Hotepibre Qemau Siharnedjheritef (also Sehetepibre I or Sehetepibre II depending on the scholar) was an Egyptian pharaoh of the 13th Dynasty during the Second Intermediate Period.


Qemau Siharnedjheritef complete nomen means "Qemau's son, Horus he who seizes his power" and from this it is likely that he was the son of his predecessor Ameny Qemau and the grandson of king Amenemhat V. Ryholt further proposes that he was succeeded by a king named Iufni, who may have been his brother or uncle. After the short reign of Iufni, the throne went to another grandson of Amenemhat V named Ameny Antef Amenemhat VI.[4]


There are several attestations of Hotepibre in Lower Egypt and exchange with the Northern Levant.

Lower Egypt


A statue dedicated to Ptah and bearing the name of Hotepibre was found in Khatana, but its location of origin is unknown.

el-Atawla, temple-block

A Temple-block from el-Atawla with his name is now in the Cairo Museum (Temp[5]

Tell el-Dab'a, palace

Hotepibre is sometimes also credited as the founder of a palace recently rediscovered at Tell El-Dab'a (the ancient Avaris).[6]


Ebla (Inner Syria), ceremonial mace

This pharaoh is also known by a ceremonial mace found inside the so-called "Tomb of the Lord of the Goats" in Ebla, in modern northern Syria;[7] the mace was a gift from Hotepibre to the Eblaite king Immeya who was his contemporary.[8]


According to egyptologists Kim Ryholt and Darrell Baker, he was the sixth king of the dynasty, reigning for one to five years, possibly three years, from 1791 BC until 1788 BC.[1][2] Alternatively, Jürgen von Beckerath and Detlef Franke see him as the ninth king of the dynasty.[9][10][11]


  1. ^ a b Darrell D. Baker: The Encyclopedia of the Pharaohs: Volume I - Predynastic to the Twentieth Dynasty 3300–1069 BC, Stacey International, ISBN 978-1-905299-37-9, 2008, p. 120-121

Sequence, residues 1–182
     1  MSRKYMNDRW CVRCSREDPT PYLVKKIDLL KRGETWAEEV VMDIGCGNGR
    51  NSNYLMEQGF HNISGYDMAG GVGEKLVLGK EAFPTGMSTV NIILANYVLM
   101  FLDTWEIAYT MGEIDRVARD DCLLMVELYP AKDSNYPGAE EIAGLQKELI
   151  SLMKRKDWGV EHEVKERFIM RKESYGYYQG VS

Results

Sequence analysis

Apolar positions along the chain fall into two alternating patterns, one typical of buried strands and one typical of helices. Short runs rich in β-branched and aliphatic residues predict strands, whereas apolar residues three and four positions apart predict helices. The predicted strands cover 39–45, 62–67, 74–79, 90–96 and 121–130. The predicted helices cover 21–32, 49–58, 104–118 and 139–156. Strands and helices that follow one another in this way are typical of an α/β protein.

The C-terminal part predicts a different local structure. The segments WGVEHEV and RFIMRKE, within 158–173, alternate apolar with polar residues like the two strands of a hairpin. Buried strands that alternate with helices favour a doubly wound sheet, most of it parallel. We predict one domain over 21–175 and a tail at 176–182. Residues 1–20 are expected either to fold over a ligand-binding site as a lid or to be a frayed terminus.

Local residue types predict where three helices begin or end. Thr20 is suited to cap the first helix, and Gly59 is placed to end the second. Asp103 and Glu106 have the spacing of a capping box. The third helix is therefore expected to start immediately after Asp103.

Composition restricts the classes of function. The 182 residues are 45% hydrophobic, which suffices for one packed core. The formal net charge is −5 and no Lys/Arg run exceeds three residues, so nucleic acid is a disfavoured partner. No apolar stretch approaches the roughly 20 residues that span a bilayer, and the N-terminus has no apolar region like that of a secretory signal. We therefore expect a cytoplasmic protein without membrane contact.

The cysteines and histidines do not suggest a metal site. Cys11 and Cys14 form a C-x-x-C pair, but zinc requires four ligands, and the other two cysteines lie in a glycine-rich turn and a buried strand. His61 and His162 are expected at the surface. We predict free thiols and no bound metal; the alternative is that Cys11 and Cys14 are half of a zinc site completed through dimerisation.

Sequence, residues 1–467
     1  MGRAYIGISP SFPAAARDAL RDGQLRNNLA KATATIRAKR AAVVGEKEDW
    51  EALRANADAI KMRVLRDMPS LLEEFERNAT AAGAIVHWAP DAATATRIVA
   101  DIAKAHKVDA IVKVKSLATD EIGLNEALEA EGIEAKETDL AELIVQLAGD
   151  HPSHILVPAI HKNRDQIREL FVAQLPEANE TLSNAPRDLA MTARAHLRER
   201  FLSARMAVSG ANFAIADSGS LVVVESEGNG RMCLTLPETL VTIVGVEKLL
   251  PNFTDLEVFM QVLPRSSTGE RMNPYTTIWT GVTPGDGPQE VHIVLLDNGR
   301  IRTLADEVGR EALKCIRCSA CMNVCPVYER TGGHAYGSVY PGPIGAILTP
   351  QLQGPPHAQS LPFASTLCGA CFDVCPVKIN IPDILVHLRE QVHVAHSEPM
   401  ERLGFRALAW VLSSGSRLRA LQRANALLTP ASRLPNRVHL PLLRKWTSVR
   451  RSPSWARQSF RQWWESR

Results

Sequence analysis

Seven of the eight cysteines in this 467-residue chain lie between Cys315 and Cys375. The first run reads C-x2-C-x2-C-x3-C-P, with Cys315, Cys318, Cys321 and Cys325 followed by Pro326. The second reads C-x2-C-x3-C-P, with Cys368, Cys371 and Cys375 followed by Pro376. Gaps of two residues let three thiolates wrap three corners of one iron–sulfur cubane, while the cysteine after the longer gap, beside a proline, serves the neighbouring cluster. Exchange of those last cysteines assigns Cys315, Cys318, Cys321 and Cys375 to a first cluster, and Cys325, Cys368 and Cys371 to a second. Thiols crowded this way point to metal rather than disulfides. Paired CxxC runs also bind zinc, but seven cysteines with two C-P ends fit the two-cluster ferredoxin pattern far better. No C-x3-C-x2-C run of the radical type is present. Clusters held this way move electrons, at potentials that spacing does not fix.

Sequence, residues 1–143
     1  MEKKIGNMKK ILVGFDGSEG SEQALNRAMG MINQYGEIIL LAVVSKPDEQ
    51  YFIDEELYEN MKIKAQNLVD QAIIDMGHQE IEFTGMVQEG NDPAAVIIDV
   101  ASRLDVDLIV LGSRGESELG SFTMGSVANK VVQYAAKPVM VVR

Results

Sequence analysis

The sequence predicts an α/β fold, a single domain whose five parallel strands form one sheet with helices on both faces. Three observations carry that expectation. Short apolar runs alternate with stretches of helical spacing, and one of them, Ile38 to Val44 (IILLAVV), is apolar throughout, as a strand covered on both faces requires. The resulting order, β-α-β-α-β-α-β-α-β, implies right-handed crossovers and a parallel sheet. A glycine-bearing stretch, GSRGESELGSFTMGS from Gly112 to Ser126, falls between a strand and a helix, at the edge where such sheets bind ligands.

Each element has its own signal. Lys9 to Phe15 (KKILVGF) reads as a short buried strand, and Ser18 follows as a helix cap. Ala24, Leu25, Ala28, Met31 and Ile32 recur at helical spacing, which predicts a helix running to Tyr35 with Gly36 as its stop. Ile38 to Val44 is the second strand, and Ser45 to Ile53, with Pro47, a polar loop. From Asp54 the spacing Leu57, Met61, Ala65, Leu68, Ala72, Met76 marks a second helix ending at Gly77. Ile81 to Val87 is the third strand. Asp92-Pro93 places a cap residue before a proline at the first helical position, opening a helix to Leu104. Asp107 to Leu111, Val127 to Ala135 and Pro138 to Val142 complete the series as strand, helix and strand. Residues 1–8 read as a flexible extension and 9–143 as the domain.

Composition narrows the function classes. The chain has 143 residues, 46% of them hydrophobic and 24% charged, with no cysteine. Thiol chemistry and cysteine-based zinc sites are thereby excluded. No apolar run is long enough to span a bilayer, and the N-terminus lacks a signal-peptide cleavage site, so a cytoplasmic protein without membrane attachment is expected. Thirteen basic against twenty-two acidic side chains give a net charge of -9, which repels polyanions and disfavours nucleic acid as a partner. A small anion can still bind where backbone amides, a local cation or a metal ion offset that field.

2. ^ a b K.S.B. Ryholt, The Political Situation in Egypt during the Second Intermediate Period, c.1800-1550 BC, Carsten Niebuhr Institute Publications, vol. 20. Copenhagen: Museum Tusculanum Press, 1997
  3. ^ Labib Habachi: Khatâ'na-Qantîr: Importance in Annales du Service des Antiquités de l'Égypte, Nr. 52 (1952), p. 460
  4. ^ See Ryholt (1997), pp. 73, 208, 214-215 and 284
  5. ^ See Ryholt (1997), p. 338, File 13/6
  6. ^ Matthiae, Paolo (1997). "Ebla and Syria in the Middle Bronze Age". In Oren, Eliezer D. (ed.). The Hyksos: new historical and archaeological perspectives. The University of Philadelphia, The University Museum. ISBN 0924171464., pp. 397-398.
  7. ^ Ryholt, K. "Hotepibre - A Supposed Asiatic King in Egypt with Relations to Ebla", Bulletin of the American Schools of Oriental Research 311, 1998, pp. 1–6.
  8. ^ Matthiae, Paolo (2010). Ebla. La città del trono (in Italian). Einaudi. pp. 218, 303, 349. ISBN 978-88-06-20258-3.
  9. ^ Jürgen von Beckerath: Untersuchungen zur politischen Geschichte der zweiten Zwischenzeit in Ägypten, Glückstadt 1964, p. 39–40, 231–32 (XIII 8)
  10. ^ Jürgen von Beckerath: Chronologie des pharaonischen Ägyptens, Münchner Ägyptologische Studien 46, Mainz am Rhein (1997)
  11. ^ Detlef Franke: Zur Chronologie des Mittleren Reiches. Teil II: Die sogenannte Zweite Zwischenzeit Altägyptens, in Orientalia 57 (1988)